Vous êtes sur la page 1sur 6  Singular Value Decomposition So far, we have seen how to decompose symmetric matrices into a product of orthogonal matrices (the eigenvector matrix) and a diagonal matrix (the eigenvalue matrix).

What about non-symmetric matrices? The key insight behind SVD is to ﬁnd two orthogonal basis representations U and V such that for any matrix A , the following decomposition holds

A = U Σ V T

where U and V are orthogonal matrices (so UU T = I and V V T = I )

Σ is a diagonal matrix, whose entries are called singular values (hence the meaning behind the term SVD).

689:F03 – p.23/28  Singular Value Decomposition We want to choose the orthogonal matrices in such a way that not only are they orthogonal, but we want the result of applying A to them to also be orthogonal.

That is, the v i are are a orthonormal basis set (unit vectors) and moreover, Av i also orthogonal to each other.

to give us the second orthonormal basis

We can then construct the u i = set.

Av

i

Av

i

A h v 1

v 2 i = h σ 1 u 1

σ 2 u 2 i = h u 1

u 2 i

2

4 σ 1

0

0

σ 2

3

5

So, we get the following relationships:

AV = U Σ or U 1 AV = Σ or U T AV = Σ

AV = U Σ or AV V 1 = U Σ V 1 or A = U Σ V T

689:F03 – p.24/28  Finding Orthonormal Basis Representations for SVD How do we go about ﬁnding U and V ?

Here is the trick. We can “eliminate” U from the equation AV = U Σ by premultiplying A by its transpose:

A T A = ( U Σ V T ) T ( U Σ V T ) = ( V Σ T U T )( U Σ V T ) = V Σ T Σ V T

Since A T A is always symmetric (why?), the above expression gives us exactly the familiar spectral decomposition we have seen before (namel y, QΛQ T ), except that now V represents the orthonormal eigenvector set of A T A .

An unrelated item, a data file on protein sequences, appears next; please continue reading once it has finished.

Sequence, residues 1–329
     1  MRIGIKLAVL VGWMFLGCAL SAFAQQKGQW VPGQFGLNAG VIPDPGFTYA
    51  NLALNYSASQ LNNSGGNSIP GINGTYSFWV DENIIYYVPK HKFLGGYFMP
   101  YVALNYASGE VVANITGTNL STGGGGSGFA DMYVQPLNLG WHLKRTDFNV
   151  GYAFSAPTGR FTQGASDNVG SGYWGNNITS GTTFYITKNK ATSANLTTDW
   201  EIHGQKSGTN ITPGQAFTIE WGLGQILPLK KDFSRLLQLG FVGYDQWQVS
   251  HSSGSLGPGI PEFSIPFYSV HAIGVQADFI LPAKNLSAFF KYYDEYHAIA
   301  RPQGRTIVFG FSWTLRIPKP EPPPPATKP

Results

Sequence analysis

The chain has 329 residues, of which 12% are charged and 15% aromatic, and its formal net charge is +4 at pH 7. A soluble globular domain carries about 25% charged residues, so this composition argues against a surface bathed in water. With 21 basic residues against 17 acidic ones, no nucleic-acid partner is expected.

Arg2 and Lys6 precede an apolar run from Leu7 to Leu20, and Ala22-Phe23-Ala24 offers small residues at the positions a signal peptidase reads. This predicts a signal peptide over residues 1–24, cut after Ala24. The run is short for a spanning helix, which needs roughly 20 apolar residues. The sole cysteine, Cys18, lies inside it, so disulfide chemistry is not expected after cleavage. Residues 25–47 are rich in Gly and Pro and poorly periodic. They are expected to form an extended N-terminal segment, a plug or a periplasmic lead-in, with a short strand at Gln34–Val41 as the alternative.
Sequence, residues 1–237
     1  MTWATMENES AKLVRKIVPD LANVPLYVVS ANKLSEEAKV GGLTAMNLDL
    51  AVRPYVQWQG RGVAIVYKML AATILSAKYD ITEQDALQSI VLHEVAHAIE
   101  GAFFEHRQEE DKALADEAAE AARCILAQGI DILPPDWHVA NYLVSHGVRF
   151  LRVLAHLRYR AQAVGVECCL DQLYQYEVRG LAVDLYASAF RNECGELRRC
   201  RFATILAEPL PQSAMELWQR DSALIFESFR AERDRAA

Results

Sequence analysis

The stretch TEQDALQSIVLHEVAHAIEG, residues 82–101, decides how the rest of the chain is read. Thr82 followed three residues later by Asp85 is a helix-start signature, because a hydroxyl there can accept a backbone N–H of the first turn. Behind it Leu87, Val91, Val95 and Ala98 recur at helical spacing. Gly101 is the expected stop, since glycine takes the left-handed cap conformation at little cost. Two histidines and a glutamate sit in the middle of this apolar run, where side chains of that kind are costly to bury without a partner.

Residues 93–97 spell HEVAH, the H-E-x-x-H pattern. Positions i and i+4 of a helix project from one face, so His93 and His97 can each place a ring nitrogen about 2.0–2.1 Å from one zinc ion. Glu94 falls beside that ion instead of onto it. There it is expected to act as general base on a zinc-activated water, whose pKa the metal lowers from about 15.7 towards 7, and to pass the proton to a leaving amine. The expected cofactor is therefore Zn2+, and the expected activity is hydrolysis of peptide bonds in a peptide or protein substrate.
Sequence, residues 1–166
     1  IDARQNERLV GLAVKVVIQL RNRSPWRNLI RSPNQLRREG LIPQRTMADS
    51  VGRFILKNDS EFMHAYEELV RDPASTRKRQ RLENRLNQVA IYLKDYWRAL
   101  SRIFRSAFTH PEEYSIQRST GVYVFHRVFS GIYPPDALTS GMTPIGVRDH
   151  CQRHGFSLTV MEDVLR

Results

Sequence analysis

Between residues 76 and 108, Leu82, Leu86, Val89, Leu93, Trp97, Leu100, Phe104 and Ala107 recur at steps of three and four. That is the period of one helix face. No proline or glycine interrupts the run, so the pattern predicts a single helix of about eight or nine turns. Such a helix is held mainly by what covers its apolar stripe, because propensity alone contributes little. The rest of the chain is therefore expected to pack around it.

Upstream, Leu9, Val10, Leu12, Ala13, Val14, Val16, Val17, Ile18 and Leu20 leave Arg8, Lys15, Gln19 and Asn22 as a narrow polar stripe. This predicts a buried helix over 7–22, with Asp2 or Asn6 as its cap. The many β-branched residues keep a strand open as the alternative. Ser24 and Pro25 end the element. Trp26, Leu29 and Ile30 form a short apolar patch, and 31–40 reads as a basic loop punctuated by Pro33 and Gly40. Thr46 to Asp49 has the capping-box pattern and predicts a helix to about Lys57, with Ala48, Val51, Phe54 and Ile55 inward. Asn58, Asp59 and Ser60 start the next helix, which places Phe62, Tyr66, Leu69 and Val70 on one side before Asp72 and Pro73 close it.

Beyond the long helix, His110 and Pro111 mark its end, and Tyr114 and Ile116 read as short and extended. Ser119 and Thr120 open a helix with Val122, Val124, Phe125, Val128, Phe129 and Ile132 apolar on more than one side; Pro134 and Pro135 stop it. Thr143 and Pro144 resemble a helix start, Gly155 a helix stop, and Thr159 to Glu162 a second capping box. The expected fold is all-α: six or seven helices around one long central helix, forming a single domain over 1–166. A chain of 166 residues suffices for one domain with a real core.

In a similar fashion, we can “eliminate” V from the equation AV = U Σ by postmultiplying A by its transpose:

AA T = ( U Σ V T ) ( U Σ V T ) T = ( U Σ V T )( V Σ T U T ) = U ΣΣ T U T

The diagonal matrix Σ is now the eigenvalue matrix of A T A .

689:F03 – p.25/28  Examples of SVD Find the SVD of the following matrices

4

A = 2

3

5

2

1

2

1

A = 2 4 2

1

2

1

3

5

689:F03 – p.26/28  SVD Technology: How Google TM works Google TM uses SVD to accelerate ﬁnding relevant web pages. Here is a brief explanation of the general idea.

Deﬁne a web site as an authority if many sites link to it.

Deﬁne a web site as a hub if it links to many sites.

We want to compute a ranking x 1 ,

As a ﬁrst pass, we can compute the ranking scores as follows: x 0 is the number of

, x N of authorities and y 1 ,

i

, y M of hubs.

links pointing to i and y

i 0 is the number of links going out of i .

But, not all links should be weighted equally. For example, links from authorities (or hubs) should count more. So, we can revise the rankings as follows

1

x =

i

X

y = A T y 0 and y =

0

j

1

i

X

x

0

j

= Ax 0

Here, A is the adjacency matrix where a ij = 1 if i links to j .

689:F03 – p.27/28  SVD Technology: How Google TM works Clearly, we can keep iterating, and compute

x

k A T A x k 1 and y = AA T y k 1

i

=

k

i

This is basically doing an iterative SV D computation, and as k increases, the

largest σ 2 eigenvalues

1

dominate.

Google TM is doing an SVD over a matrix A of size 3 × 10 9 by 3 × 10 9 !

689:F03 – p.28/28